- Top God: Svarog is a contender for this position. His claim is weaker than Perun's, but he seems to be more popular in fiction.
- Cool Horse: There were temples dedicated to him, where black horses made prophecies by walking over rows of spears.
In comparative mythology she's close to Hecate, but has also been likened to Ceres.
- Evil Is Deathly Cold: She wasn't really the most beloved deity.
- Names to Run Away from Really Fast: The Indo-European particle "mor".
- Seasonal Baggage: A case interesting in comparison. As opposed to, say, Greek mythology, where a single goddess's mood brings both summer and winter, in Slavic mythology winter is ruled by a separate deity. Morana's death allows the spring to come.
- Woman Scorned: In aforementioned reconstruction.
- 0% Approval Rating: There is a tradition — notice the present tense — of burning or drowning (or both) her effigy on the first day of spring. In many countries, however, the ancient pagan connection is not well known, and the burned figure is referred to just as "the winter".
- Team Mom: More nurturing than most other earth goddesses. Or, at least, not known to be as nasty.
- I Have Many Names: Also known as Perperuna (pretty much "Mrs. Perun"), and one source's mention of a goddess "Dzidzileyla" might have referred to her.
Pantheon of KievThe pantheon of Vladimir of Kiev. Vladimir apparently wanted to codify the pantheon, as a state religion to support his rule, and erected effigies for this purpose. In any case it didn't serve him for long, as it was soon discarded in favour of Christianity. The above mentioned Perun and Dazbog are also members of the pantheon.note
Western SlavsThe Polabiannote Slavs had a multitude of bigger and lesser gods, of which we know comparatively much due to these peoples' constant fighting with the Germans, and with it, consequent interest of German chroniclers (Danish sources occasionally throw in their two cents as well). The Polabian Slavs were unique in Slavdom for the highly organised nature of their cult; they had a priestly class and erected opulent temples. The Lutici, and later, the Rani tribe hosted sanctuaries of trans-regional influence (offerings came from as far as Denmark), whose priests often had the final word in their politics.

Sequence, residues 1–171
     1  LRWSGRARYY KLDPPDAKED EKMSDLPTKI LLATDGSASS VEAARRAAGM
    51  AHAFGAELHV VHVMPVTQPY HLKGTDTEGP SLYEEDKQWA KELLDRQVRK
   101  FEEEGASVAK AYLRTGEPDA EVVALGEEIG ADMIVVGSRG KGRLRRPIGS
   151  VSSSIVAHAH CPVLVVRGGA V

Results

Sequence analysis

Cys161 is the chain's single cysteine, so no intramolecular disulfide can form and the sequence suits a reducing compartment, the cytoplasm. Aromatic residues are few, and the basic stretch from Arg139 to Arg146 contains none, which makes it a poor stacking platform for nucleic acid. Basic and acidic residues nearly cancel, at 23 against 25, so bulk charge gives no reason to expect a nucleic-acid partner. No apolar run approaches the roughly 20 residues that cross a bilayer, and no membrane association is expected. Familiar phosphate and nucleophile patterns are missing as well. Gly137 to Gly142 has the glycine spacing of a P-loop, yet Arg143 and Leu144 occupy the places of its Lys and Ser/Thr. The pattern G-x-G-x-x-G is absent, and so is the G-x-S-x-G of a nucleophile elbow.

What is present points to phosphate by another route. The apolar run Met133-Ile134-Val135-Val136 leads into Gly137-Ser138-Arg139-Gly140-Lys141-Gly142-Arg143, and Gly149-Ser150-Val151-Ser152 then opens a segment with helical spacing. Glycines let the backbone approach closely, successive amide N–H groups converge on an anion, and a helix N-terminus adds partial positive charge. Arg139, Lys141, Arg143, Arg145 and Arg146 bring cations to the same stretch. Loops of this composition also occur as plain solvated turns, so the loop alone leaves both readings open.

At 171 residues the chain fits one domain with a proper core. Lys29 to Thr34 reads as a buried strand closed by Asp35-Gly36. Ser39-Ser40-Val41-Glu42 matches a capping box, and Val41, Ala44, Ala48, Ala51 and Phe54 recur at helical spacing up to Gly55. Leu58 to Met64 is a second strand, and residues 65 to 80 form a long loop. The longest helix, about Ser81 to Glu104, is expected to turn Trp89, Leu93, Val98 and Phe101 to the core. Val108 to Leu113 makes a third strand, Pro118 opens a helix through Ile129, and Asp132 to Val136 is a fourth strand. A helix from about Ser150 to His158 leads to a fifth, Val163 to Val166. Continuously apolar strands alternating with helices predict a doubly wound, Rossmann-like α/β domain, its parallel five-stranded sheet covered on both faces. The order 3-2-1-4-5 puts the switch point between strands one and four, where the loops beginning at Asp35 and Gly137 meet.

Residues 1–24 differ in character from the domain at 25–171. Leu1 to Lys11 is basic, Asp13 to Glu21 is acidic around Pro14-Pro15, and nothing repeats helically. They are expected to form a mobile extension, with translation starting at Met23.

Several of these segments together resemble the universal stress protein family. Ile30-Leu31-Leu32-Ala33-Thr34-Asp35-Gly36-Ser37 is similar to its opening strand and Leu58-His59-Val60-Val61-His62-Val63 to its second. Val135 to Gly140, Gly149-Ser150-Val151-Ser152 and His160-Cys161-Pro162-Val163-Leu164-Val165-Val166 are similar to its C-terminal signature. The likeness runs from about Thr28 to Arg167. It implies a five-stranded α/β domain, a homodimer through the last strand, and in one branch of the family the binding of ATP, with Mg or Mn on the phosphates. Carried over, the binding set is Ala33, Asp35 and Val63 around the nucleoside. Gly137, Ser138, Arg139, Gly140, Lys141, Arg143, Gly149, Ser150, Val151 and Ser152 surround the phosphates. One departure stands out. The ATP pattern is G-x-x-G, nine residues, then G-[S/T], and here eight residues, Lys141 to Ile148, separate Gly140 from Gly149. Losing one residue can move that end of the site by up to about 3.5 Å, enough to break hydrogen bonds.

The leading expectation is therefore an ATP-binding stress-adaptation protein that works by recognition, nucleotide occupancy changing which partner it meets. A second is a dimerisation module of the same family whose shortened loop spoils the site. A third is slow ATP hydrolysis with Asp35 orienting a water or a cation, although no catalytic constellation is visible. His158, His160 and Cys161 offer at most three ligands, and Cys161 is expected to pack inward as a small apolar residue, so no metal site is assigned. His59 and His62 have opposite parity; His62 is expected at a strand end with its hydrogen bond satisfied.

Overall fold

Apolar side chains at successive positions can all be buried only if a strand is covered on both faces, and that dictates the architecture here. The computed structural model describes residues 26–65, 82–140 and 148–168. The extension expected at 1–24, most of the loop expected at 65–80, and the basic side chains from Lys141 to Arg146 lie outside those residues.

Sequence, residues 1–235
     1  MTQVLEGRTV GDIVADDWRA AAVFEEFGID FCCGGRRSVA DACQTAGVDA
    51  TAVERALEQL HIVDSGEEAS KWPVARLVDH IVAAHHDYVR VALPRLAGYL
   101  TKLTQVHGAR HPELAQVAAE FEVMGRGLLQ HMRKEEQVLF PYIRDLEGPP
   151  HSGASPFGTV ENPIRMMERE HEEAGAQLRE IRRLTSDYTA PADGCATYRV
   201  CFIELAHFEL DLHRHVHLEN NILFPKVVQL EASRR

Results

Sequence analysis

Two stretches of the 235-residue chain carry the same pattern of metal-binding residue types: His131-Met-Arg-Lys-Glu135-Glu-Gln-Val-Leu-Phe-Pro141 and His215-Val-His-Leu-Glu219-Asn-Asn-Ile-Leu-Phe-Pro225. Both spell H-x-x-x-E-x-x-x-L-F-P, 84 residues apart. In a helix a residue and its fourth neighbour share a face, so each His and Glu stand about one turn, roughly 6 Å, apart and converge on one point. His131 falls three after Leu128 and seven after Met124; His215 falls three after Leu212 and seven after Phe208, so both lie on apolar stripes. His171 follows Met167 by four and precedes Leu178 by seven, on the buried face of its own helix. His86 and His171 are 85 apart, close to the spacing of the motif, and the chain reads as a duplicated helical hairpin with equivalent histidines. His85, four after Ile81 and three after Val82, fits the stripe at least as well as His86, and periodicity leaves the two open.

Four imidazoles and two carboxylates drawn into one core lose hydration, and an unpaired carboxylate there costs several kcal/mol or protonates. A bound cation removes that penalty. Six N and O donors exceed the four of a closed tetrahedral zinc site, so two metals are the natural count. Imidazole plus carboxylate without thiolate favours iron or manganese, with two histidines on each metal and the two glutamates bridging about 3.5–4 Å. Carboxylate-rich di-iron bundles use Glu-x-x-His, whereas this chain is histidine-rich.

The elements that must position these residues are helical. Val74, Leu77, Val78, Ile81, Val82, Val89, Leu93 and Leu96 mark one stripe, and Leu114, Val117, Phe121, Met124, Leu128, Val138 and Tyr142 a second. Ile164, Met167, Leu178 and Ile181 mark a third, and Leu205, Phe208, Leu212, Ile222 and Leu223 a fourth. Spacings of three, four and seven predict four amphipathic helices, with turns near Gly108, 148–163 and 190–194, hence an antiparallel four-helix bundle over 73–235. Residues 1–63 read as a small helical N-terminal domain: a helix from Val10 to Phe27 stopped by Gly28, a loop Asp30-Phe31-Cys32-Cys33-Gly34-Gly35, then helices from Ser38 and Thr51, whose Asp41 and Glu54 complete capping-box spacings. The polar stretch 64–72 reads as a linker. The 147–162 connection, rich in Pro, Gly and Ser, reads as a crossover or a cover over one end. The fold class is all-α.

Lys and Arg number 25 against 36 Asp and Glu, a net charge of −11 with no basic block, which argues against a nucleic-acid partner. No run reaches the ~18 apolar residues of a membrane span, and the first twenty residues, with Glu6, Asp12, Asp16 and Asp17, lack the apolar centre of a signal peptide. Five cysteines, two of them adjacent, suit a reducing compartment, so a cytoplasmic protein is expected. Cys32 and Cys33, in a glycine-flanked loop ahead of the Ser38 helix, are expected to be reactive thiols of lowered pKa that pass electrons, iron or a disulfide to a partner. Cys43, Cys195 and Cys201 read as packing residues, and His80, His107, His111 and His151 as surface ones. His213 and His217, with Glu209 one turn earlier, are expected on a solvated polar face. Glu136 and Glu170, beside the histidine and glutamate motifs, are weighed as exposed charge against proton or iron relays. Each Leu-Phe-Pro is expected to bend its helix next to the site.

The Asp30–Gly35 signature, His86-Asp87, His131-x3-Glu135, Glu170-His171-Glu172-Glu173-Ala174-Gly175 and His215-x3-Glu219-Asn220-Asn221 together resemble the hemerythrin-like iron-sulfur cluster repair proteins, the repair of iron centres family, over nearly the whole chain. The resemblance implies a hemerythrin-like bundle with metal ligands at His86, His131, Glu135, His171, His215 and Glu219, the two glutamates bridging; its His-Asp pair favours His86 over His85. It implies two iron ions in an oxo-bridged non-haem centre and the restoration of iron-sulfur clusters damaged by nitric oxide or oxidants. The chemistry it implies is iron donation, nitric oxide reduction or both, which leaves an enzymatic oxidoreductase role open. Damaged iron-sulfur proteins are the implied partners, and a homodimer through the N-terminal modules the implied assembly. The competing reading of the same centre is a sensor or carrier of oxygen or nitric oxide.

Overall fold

From what we know, it appears each tribe, or possibly even sub-tribal entities had their own patron, often multi-headed or multi-faced. It's unclear whether they were separate from each other, or local varieties of the same deities, much like the multitude of effigies of Mary in folk Catholicism.
- Canon Immigrant: Possibly, but it's also likely it was a misunderstanding on part of the Christian chroniclers, or even an attempt to fabricate a claim to the island.
- Cool Horse: Another oracular horse, this time white. Svantevith was believed to ride it around the island in the night.
- Iconic Item: His drinking horn.
- Multiple Head Case: Four faces.
- Spell My Name with an "S": His many-faced effigies caused some confusion about his name, although it'll sound the same anyway to a speaker of non-Slavic language. Somewhat confusingly, the outdated version of his name is considered acceptable for the Zbruch idol, as long as it refers to the idol and not the deity.
- Composite Character: His three heads are said to be three other gods, for example Perun, Svarog, and Veles. The first two tend to stay, who the third one is varies.
- Cool Horse: One of his symbols was a black horse.
- Dark Is Not Evil/The Sacred Darkness: Was often represented by a black horse.
- Hijacked by Jesus: Some believe the part about watching over three worlds was not his original attribute, but a mistake or an over-interpretation on the part of Christian chroniclers.
- Multiple Head Case: Three heads.
- Adaptation Expansion: A minor deity, with a big career in pop-culture, probably thanks to a certain movie.
- God of Evil: Or not. Sources mention that misfortune was attributed to some supernatural force or deity, but this trope would probably be a stretch.
- Hijacked by Jesus: as the Satan equivalent, or even literal Satan-worship.
- Names to Run Away from Really Fast: The Black God.
OthersMinor deities, local, known from limited sources, or hard to pin down.
- Canon Foreigner: Generally the research doesn't attribute that much importance to him as do some modern worshippers.